Auburn U. Watches And Reacts As Obama Becomes President-elect

This story was written by Griffin Limerick, The Auburn Plainsman


On a chilly Tuesday night at Chicagos Grant Park, Democratic Sen. Barack Obama walked on stage in front of a crowd of thousands and a TV audience of millions to accept the U.S. presidency.

As the first African-American president, Obamas presence on that stage marked a turning point in American history.

Accompanied by his family and powered by the momentum of a landslide victory, Obama spoke of neither red nor blue America, but instead of the United States of America.

In his victory speech, Obama continued his promise for change in America.

He said this election is proof there are no limits to the American Dream.

It is that promise thats always set this country apart, that through hard work and sacrifice each of us can pursue our individual dreams, but still come together as one American family, to ensure that the next generation can pursue their dreams, as well, Obama said. Thats why I stand here tonight.

He also congratulated Sen. John McCain and reached out to McCains supporters, telling them although he didnt earn their vote, he will still be their president, too.

The speech was emotional for Obama, because his grandmother died Monday, the day before the election.

At the end of the speech, Obamas running mate and Vice President-elect, Sen. Joe Biden, entered the stage to renewed enthusiasm and applause from the crowd.

Obamas margin of victory was just as impressive as his historical achievement.

Of the 270 electoral votes needed to secure the presidency, Obama won 338, while McCain won 163.

Obama won battleground states like Florida and Ohio, as well as historically Republican states like Virginia and New Mexico.

Obama won not only the electoral vote, but also the popular vote, receiving 62.8 million votes to McCains 55.6 million.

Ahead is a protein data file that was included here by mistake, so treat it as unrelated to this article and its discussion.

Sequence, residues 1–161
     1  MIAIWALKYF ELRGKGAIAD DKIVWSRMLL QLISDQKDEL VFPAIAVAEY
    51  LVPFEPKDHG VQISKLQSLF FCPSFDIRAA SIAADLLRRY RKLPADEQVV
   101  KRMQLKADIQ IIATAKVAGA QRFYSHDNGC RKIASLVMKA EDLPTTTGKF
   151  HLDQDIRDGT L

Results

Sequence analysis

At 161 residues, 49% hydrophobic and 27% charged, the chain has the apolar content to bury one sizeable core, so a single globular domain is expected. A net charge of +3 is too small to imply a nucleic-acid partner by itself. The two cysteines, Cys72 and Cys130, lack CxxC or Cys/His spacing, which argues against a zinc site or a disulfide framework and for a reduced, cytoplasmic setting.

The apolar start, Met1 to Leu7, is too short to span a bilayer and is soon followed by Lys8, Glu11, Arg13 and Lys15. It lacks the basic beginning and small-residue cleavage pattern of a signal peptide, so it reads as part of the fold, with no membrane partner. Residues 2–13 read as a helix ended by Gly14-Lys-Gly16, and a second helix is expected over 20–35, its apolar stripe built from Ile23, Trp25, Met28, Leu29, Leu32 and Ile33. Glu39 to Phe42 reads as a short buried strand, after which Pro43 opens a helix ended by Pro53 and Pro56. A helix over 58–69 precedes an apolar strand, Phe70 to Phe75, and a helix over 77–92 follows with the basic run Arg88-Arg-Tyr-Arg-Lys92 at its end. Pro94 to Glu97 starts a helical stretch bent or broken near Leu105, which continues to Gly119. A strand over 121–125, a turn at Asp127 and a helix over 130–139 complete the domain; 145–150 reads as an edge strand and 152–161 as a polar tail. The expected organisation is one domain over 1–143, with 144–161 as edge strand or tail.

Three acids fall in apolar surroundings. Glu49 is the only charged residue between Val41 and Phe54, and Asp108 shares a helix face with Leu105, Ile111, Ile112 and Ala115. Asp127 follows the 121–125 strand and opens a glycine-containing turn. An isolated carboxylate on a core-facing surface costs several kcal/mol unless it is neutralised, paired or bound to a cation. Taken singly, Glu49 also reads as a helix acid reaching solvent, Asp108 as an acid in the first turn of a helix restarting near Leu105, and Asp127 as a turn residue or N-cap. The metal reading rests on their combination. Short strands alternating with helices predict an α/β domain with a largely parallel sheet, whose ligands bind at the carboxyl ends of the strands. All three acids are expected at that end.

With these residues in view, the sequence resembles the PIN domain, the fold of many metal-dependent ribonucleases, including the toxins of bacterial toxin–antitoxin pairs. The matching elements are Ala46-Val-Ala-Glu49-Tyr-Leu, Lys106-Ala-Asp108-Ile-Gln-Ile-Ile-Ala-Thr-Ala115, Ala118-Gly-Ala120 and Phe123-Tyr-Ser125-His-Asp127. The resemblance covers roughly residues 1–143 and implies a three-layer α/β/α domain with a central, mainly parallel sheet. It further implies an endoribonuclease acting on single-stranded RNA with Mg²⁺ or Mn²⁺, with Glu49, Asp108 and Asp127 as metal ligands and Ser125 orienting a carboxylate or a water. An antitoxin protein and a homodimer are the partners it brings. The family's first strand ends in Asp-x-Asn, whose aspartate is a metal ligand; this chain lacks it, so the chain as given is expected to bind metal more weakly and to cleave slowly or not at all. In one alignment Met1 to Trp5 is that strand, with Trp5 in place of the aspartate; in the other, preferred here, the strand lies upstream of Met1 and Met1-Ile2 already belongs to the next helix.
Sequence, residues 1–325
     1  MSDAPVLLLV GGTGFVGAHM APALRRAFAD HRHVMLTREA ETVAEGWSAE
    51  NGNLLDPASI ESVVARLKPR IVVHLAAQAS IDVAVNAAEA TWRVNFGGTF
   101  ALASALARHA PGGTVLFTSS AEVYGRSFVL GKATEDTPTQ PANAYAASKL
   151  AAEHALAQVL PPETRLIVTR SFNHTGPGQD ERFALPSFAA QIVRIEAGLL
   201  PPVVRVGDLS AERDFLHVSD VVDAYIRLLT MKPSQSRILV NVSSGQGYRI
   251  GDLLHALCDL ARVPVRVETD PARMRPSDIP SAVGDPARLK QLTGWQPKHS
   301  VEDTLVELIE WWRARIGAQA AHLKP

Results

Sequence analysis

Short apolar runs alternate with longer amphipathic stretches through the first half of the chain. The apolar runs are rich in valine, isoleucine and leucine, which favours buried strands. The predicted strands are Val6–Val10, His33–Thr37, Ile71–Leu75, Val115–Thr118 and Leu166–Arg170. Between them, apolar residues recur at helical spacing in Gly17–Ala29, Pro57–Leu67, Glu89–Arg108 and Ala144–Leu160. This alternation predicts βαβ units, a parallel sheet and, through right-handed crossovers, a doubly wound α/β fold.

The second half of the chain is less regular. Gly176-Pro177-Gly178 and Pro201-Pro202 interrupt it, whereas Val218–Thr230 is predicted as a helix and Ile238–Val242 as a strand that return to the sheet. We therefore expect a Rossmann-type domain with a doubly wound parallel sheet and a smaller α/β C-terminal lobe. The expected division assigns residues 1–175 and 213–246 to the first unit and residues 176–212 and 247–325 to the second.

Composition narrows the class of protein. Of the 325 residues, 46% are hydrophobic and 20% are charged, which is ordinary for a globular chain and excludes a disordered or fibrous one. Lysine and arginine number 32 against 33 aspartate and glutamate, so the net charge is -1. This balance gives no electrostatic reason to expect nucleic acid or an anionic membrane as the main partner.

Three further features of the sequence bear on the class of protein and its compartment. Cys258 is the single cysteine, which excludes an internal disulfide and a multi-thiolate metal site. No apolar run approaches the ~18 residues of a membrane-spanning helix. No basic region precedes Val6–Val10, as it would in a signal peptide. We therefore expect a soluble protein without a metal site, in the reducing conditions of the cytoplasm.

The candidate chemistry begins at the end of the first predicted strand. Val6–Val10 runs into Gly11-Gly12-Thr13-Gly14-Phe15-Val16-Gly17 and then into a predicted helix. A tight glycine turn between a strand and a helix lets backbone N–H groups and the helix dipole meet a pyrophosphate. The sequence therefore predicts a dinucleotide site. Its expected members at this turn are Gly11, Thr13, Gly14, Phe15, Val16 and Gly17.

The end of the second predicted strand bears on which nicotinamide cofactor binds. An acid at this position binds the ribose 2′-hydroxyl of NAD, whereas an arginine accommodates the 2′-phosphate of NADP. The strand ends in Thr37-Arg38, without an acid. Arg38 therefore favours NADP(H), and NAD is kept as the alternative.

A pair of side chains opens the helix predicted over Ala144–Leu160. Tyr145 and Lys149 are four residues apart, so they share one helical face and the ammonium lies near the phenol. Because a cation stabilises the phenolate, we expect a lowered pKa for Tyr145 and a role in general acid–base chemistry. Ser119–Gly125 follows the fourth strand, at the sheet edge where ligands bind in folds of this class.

According to cnn.coms exit polls, Obama won handily among women voters, African-American voters, Latino voters, voters under 30, first-time voters and voters earning less than $100,000 a year.

Charles Thurlow, an Auburn University sophomore in pre-med, said he wasnt surprised Obama won the election.

I already knew who was going to win, because of the media, Thurlow said.

Katie Simeroth, an undeclared freshman, said she thought McCains vice presidential pick hurt his chances.

I think the vice-presidential candidate for the Republicans was the reason for the landslide, Simeroth said. (Obamas campaign) was also one of the best-run political campaigns ever.

A disappointed McCain gave his concession speech to a crowd of his supporters in Arizona.

During the speech, McCain graciously congratulated Obama before encouraging his followers to support Obamas presidency.

McCain said he was honored to serve the country through his campaign, as well as through his military service.

Thurlow said he wanted McCain to win the presidency, but he will still support Obama.

(Obama) is the president now, so I have faith in him, Thurlow said. Were all going to have to support him any way we can.

John Hall, a freshman in biosystems engineering, said he was disappointed McCain lost, but he thinks Obama could be a good president.

Im sure hell do the best job he can do, Hall said.

Much of Obamas success can be attributed to young voters, who showed up at the polls in record numbers this election.

Many students around Auburns campus displayed pride for their candidates.

Jynti Reffin, an undeclared freshman, said she was happy wih student enthusiasm for the election.

Around our campus, there was a lot of passion for each candidate, Reffin said.

Simeroth said she was happy with the student turnout.

The youth came out and voted, which usually doesnt happen, Simeroth said.

Simeroth is also excited about the historical significance of the election.

It will be cool to tell our grandchildren we were in college when the first black president was elected, Simeroth said.
  • CBSNews

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